Feeds

Java updates too much of a bother? Maybe online banking's just not for you

There's a Trojan that's got your number, and it's calling its chums to clean you out

SANS - Survey on application security programs

Security researchers have spotted a surge in attacks against online banking customers, thanks to a new strain of Java-exploiting Trojan Caphaw (aka Shylock).

Over the last month or so the malware has targeted customers in at least 24 financial institutions, including Bank of Scotland, Barclays Bank, First Direct, Santander Direkt Bank AG and Capital One Financial Corporation, according to security researchers at cloud security firm Zscaler. There's no word on whether or how successful its attacks have been and which bank's customers have been affected. Caphaw (Shylock) is most active in the UK, Italy, Denmark and Turkey.

"We have detected hundreds of infections, but there is no way to calculate the losses," Zscaler researcher Chris Mannon told El Reg.

The Trojan hooks itself into the browser processes of victims before using a self-signed SSL certificate to trigger encrypted “phone home” communication with remote command and control servers. This encryption is designed to keep the malware under the radar of corporate and ISP-level network security tools. Detection by endpoint security scanners is also low, according to Zscaler.

Caphaw appears to be spreading using a Java exploit from compromised websites as part of a drive-by download attack. However evidence for this theory remains circumstantial, as an advisory from Zscaler explains.

"At the time of research, we were unable to identify the initial infection vector," Mannon and fellow Zscaler researchers Sachin Deodhar explain in a blog post.

"We can tell that it is more than likely arriving as part of an exploit kit honing in on vulnerable versions of Java. The reason we suspect this is that the User-Agent for every single transaction that has come through our Behavioral Analysis (BA) solution has been: Mozilla/4.0 (Windows XP 5.1) Java/1.6.0_07."

Mannon added: "We suspect it is coming from a Java exploit on the version listed in the blog. Other vectors this threat has used in the past include Skype, social media, and email spam."

Caphaw features a domain generation algorithm that generates a large number of quasi-random domain names that are then used to "dial home" and receive/send commands/data. This is far from a new tactic in botnet administration but it's still a successful approach in making life difficult for law enforcement.

"The large number of potential rendezvous points with randomised names makes it extremely difficult for investigators and law enforcement agencies to identify and 'take down' the CnC [command and control] infrastructure,” said Mannon. “Furthermore, by using encryption, it adds another layer of difficulty to the process of identifying and targeting the command and control assets." ®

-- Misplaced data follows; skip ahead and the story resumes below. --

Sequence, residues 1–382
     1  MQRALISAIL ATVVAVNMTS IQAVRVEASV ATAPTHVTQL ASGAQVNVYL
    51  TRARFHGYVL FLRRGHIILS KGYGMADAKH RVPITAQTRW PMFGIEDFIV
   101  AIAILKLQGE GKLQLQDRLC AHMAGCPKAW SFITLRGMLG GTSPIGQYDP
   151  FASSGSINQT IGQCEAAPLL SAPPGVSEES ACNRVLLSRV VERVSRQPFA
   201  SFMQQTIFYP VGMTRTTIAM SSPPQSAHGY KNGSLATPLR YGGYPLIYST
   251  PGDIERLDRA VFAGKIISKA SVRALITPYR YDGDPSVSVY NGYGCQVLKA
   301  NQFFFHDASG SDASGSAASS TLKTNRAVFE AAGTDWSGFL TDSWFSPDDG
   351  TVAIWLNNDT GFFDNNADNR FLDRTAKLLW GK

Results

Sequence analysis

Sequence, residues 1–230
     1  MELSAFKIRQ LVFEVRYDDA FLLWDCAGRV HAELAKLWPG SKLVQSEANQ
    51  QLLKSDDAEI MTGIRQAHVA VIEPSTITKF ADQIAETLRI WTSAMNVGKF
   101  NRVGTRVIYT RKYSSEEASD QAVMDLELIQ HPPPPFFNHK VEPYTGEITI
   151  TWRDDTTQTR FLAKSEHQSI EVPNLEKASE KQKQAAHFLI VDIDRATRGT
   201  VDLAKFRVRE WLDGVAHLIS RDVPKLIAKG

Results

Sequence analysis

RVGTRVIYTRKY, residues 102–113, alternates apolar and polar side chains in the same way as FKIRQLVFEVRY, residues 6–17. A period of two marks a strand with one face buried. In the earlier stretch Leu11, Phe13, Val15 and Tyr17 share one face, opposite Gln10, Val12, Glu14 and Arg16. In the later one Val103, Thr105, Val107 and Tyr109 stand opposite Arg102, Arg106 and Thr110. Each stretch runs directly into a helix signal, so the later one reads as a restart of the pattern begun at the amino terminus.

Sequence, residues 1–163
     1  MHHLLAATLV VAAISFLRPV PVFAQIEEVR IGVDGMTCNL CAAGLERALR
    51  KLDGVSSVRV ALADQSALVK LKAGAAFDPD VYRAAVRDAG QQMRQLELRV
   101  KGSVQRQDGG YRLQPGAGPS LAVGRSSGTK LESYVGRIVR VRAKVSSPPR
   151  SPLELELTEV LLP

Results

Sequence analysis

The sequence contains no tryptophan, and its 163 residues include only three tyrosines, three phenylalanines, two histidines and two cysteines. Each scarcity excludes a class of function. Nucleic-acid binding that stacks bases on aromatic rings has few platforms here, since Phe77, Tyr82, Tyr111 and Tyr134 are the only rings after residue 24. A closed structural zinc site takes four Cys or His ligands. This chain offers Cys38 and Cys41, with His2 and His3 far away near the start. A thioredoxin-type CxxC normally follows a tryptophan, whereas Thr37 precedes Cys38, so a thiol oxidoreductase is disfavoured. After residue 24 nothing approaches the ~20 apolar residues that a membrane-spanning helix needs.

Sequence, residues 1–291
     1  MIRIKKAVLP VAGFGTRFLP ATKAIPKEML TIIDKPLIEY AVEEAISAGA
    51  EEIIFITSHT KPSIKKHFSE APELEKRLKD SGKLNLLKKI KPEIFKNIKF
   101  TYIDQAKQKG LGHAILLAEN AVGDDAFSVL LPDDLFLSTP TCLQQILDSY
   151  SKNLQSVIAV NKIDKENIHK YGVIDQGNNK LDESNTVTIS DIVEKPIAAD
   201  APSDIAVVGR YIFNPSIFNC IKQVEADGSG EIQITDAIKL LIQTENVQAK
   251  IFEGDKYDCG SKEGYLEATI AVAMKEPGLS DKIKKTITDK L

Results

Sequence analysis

High performance access to file storage

More from The Register

next story
Obama allows NSA to exploit 0-days: report
If the spooks say they need it, they get it
Putin tells Snowden: Russia conducts no US-style mass surveillance
Gov't is too broke for that, Russian prez says
Snowden-inspired crypto-email service Lavaboom launches
German service pays tribute to Lavabit
Mounties always get their man: Heartbleed 'hacker', 19, CUFFED
Canadian teen accused of raiding tax computers using OpenSSL bug
One year on: diplomatic fail as Chinese APT gangs get back to work
Mandiant says past 12 months shows Beijing won't call off its hackers
Heartbleed exploit, inoculation, both released
File under 'this is going to hurt you more than it hurts me'
Arts and crafts store Michaels says 3 million credit cards exposed in breach
Meanwhile, Target investigators prepare for long process in nabbing hackers
prev story

Whitepapers

SANS - Survey on application security programs
In this whitepaper learn about the state of application security programs and practices of 488 surveyed respondents, and discover how mature and effective these programs are.
Combat fraud and increase customer satisfaction
Based on their experience using HP ArcSight Enterprise Security Manager for IT security operations, Finansbank moved to HP ArcSight ESM for fraud management.
The benefits of software based PBX
Why you should break free from your proprietary PBX and how to leverage your existing server hardware.
Top three mobile application threats
Learn about three of the top mobile application security threats facing businesses today and recommendations on how to mitigate the risk.
3 Big data security analytics techniques
Applying these Big Data security analytics techniques can help you make your business safer by detecting attacks early, before significant damage is done.